The Great Battering Ram of Mordor
“Great engines crawled across the field; and in the midst was a huge ram,
great as a forest-tree a hundred feet in length, swinging on mighty chains. Long had it been forging in the dark smithies of Mordor,
and its hideous head, founded of black steel, was shaped in the likeness of a ravening wolf;
on it spells of ruin lay. Grond they named it.”
The LOTR: B5 C4
Grond was a huge battering ram, a hundred feet in length, swinging on mighty chains and forged in the smithies of Mordor. It was named after the weapon of Morgoth, the mighty Hammer of the Underworld. This engine of destruction was fashioned by the Dark Lord for only one purpose, to break the gate of Minas Tirith. It is true the Sauron could have used other methods to destroy the gate, such as the fire of Orthanc that broke the walls of Helms Deep, but the Dark Lord desired more then the breaking of the gate, he also wanted break the will of those who would defy him. Grond in all it’s massive bulk and size, was a thing to inspire fear and dread in his enemies. It was a display of power, vast and reckless in it’s hunger to crush and rend. All who saw Grond approaching upon the burning field of the Pelennor quailed in heart and mind.
Grond was a battering ram on a massive scale and many lives of orcs and men had been lost in it’s making. It was likely fashioned in the great smithies beneath Barad-dûr or perhaps in the mightiest of all forges in Middle-earth, Sammath Naur, using the unbridled fires in the heart of Mount Doom. It was founded with a substance know as Black Steel, which was likely made from dark ore mined from the depths of Mount Doom and mixed with Moria Silver, which the Dark Lord coveted. Etched with dark intaglio and Morgul spells, Grond was a thing born of dark magic and evil malice.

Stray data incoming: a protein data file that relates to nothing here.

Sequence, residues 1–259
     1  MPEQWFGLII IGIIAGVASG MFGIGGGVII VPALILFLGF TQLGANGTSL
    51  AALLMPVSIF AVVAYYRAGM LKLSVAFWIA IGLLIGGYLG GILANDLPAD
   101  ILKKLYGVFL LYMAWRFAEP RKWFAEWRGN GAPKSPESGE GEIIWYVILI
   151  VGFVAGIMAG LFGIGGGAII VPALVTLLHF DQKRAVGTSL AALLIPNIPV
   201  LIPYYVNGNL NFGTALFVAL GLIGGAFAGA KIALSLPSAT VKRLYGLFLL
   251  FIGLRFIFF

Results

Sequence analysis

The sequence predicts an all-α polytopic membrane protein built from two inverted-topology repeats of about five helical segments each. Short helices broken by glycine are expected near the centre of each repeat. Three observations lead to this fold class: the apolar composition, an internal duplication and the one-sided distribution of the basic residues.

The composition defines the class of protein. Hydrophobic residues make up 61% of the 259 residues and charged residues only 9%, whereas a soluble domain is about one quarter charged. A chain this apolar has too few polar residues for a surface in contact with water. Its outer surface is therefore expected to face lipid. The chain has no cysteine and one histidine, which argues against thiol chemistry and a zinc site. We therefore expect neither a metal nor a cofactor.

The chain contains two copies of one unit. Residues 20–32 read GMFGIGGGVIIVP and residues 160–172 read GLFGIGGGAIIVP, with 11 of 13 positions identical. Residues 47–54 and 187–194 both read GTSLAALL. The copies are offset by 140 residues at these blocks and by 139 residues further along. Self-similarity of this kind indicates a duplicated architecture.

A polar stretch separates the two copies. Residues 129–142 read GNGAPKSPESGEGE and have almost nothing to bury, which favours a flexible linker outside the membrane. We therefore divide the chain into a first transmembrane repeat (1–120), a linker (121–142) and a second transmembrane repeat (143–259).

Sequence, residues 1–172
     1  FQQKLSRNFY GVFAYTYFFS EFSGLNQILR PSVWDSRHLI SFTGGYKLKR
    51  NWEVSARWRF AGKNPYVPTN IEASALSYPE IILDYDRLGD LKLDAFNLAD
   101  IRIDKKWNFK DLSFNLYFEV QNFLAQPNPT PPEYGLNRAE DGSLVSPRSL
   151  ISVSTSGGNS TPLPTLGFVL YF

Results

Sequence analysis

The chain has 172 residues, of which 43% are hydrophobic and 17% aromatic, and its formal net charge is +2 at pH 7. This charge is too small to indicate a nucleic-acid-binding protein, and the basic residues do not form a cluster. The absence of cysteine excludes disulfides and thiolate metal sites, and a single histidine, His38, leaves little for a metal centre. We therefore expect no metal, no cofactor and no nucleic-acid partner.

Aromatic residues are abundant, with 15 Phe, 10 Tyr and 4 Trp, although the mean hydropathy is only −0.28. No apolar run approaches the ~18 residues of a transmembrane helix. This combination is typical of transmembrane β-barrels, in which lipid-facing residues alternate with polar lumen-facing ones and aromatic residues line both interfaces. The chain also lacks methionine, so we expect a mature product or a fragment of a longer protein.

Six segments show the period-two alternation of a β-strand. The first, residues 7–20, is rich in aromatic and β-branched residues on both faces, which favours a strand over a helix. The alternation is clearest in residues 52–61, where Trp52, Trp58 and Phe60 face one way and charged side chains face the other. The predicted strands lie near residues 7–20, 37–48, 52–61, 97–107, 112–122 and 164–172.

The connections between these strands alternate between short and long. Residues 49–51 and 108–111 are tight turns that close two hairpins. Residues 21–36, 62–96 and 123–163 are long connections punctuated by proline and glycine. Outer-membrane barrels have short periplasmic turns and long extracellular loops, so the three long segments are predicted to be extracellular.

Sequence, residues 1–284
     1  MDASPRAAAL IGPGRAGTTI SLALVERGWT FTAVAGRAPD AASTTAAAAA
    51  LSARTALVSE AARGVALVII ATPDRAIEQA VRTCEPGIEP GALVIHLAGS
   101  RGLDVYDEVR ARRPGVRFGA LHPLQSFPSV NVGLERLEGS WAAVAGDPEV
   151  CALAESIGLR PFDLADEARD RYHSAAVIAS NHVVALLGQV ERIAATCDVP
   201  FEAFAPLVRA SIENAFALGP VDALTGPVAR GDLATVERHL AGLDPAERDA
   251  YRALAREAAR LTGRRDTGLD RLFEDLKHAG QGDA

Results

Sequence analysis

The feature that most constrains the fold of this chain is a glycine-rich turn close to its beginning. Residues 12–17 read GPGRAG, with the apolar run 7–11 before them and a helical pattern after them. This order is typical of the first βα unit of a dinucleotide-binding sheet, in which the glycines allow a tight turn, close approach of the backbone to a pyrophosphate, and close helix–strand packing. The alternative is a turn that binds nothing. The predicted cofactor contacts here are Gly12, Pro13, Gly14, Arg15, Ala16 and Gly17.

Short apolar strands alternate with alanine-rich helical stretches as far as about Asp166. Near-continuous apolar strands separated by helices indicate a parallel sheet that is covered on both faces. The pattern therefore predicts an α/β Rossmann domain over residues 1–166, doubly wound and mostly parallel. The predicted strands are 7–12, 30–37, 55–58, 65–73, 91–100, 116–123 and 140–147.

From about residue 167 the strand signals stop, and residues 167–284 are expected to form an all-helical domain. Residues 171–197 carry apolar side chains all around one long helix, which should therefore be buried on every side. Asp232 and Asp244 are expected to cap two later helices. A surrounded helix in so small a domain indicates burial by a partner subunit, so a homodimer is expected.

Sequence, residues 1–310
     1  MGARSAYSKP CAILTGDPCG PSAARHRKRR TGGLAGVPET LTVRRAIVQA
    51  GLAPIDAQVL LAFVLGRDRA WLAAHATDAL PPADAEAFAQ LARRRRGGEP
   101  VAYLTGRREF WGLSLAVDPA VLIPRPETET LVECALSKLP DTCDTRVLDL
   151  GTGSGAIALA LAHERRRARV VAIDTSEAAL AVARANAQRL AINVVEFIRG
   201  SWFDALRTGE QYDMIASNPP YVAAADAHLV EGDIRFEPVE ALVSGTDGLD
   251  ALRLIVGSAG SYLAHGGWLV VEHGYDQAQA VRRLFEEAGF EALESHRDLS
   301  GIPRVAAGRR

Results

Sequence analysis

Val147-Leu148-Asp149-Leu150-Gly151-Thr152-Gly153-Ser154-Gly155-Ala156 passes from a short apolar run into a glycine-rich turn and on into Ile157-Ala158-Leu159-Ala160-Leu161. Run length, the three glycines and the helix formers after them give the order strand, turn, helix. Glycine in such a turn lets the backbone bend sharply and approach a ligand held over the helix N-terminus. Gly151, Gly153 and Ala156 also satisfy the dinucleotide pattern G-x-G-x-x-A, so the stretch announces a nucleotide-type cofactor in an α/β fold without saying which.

This vast machine of war had likely been years in the making. Designed by Sauron himself this huge ram in the shape of a ravening wolf was engineered, so that a hot fire could be stoked within its iron jaws giving the beast a frightening visage to those watching it coming from under the shadow of Mordor.
Some believe Grond may have been more than a weapon of wood and metal, that it had within a dark heart of fire, perhaps a vast monster begat of strange beasts bred in the Pits of Lamination beneath Barad-dûr. A great creature sheathed in black armor and unleashed with spells of ruin that ignited the flames of Udûn within. For those who watched in terror as it crossed the Pelennor, it would certainly have looked like a giant warg with a mouth of raging fire. It’s origins will never be known for sure, for none now live who remember it.